She’s been dubbed the real winner of the Golden Globes, staring down the barrel of the camera with a wry smile behind Hollywood’s elite, but was ‘Fiji Water Girl’ a major splash or a minor ripple in the marketing world?
As the Golden Globes red carpet coverage unfolded yesterday afternoon, one particular face kept popping up in what seemed like every shot.
Dubbed ‘Fiji Water Girl’ and carrying expensive bottles of water in a blue tiered cascading gown, she is seen hovering strategically to the side, or in the background, of many Golden Globes stars.
Media have named her as Kelleth Cuthbert, a Los Angeles-based Canadian model with a social work degree.
She created a wave on social media and has already been turned into a series of memes.
— (@GallantPurple) January 7, 2019
Apex Marketing Group president Eric Smallwood told Yahoo that Fiji Water saved almost $18 million in advertising from yesterday’s exposure.
Vaughn Davis, the owner of Auckland advertising agency The Goat Farm thought the ‘guerilla styled’ marketing campaign by Fiji Water was a master stroke.
“It got people talking about it all over the world.
“Not only did it generate dozens of images from the red carpet itself, it spawned a whole lot of user created memes with Kelleth, the Water Girl herself, in the background of photos she never appeared in,” he said.
Mr Davis said the campaign had all the ingredients for viral success.
“She was perfectly cast, almost that Cinderella Disney princess idea that you wanted to believe that some woman handing out water at the awards somehow ended up in the back of all these photos.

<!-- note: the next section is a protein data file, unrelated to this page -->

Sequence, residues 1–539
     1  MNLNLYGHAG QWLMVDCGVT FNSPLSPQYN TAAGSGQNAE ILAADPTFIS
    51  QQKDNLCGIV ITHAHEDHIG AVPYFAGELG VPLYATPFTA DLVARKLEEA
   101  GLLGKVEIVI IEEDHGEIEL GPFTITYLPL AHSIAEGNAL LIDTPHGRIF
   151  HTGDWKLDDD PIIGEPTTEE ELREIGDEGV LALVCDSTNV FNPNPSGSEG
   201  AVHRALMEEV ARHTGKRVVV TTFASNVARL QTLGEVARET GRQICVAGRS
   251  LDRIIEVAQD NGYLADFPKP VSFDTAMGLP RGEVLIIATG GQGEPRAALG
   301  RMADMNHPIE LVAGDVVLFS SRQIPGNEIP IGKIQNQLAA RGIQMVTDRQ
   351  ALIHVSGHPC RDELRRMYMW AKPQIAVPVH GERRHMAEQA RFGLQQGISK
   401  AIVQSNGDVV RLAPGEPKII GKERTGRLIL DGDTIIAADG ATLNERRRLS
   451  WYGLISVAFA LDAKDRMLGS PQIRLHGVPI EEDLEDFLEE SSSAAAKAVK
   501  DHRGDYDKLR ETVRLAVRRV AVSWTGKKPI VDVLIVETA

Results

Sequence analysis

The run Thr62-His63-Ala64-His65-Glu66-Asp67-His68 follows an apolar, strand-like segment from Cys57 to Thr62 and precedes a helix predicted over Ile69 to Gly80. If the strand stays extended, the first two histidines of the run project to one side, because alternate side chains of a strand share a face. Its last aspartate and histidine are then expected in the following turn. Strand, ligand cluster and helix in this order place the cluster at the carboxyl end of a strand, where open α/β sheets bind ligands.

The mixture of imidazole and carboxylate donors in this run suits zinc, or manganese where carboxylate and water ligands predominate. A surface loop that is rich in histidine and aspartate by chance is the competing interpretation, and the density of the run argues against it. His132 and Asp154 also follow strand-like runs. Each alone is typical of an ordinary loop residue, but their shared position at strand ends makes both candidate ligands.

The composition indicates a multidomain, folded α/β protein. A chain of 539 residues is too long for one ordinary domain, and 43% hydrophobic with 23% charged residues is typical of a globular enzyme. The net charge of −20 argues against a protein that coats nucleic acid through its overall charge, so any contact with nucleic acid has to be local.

“Of course she didn’t just happen to turn up there. Fiji Water is a sponsor of the Golden Globes, has been for a long time, this would have been carefully choreographed, all arranged, but we wanted to believe and that’s what we did.”
— ⚡️jn⚡️ (@FijianNextDoor) January 7, 2019
But Massey University head of public relations Dr Chris Galloway didn’t see it the same way as Mr Davis, saying he thought the marketing campaign was a cheap marketing ploy.
“A stunt is designed to draw attention, obviously, but if you’re going to do something to bring a brand or a company or organisation to the public’s attention, it should be part of a programme of activity that is designed to reinforce attributes about the organisation in the mind of the public.
“You don’t do things in isolation, if I were Fiji Water and I wanted to promote the brand, I would be wanting to do, by all means a stunt that gets attention, but do it as part of a programme that may involve TV commercials, online advertising, sponsorship, whatever, but you don’t do something like this.
“I would think that next year, the organisers [of the Golden Globes] would be very reluctant, at the least, to have people pulling something like this again… because it kind of detracts a little from what the event is all about,” Dr Galloway said.
— Muse Buff (@MuseBuffMedia) January 7, 2019
Dr Galloway added that marketing stunts like this tended to have minimal impact long-term.
“Most people’s attention spans are pretty short which is why it’s important to have a planned campaign.
“So people may be talking for 24 hours about this stunt and then we’ll forget about it, but if you’re really wanting to promote a brand effectively you need to do it over a period of time and keep reminding people about the key aspects of your product or service that you want them to hold on to and ideally act upon.”
Mr Davis did agree that attention spans may be short, but thinks in the age of social media, Fiji Water Girl could stick around for a while.
“We’ve seen memes going back five, 10, 15 years that are still in common circulation today and there’s no reason this can’t be one of those.
“Remember, Fiji Water is not paying one cent for every little Instagram post or Facebook picture with Fiji Water Girl in it, it’s free.”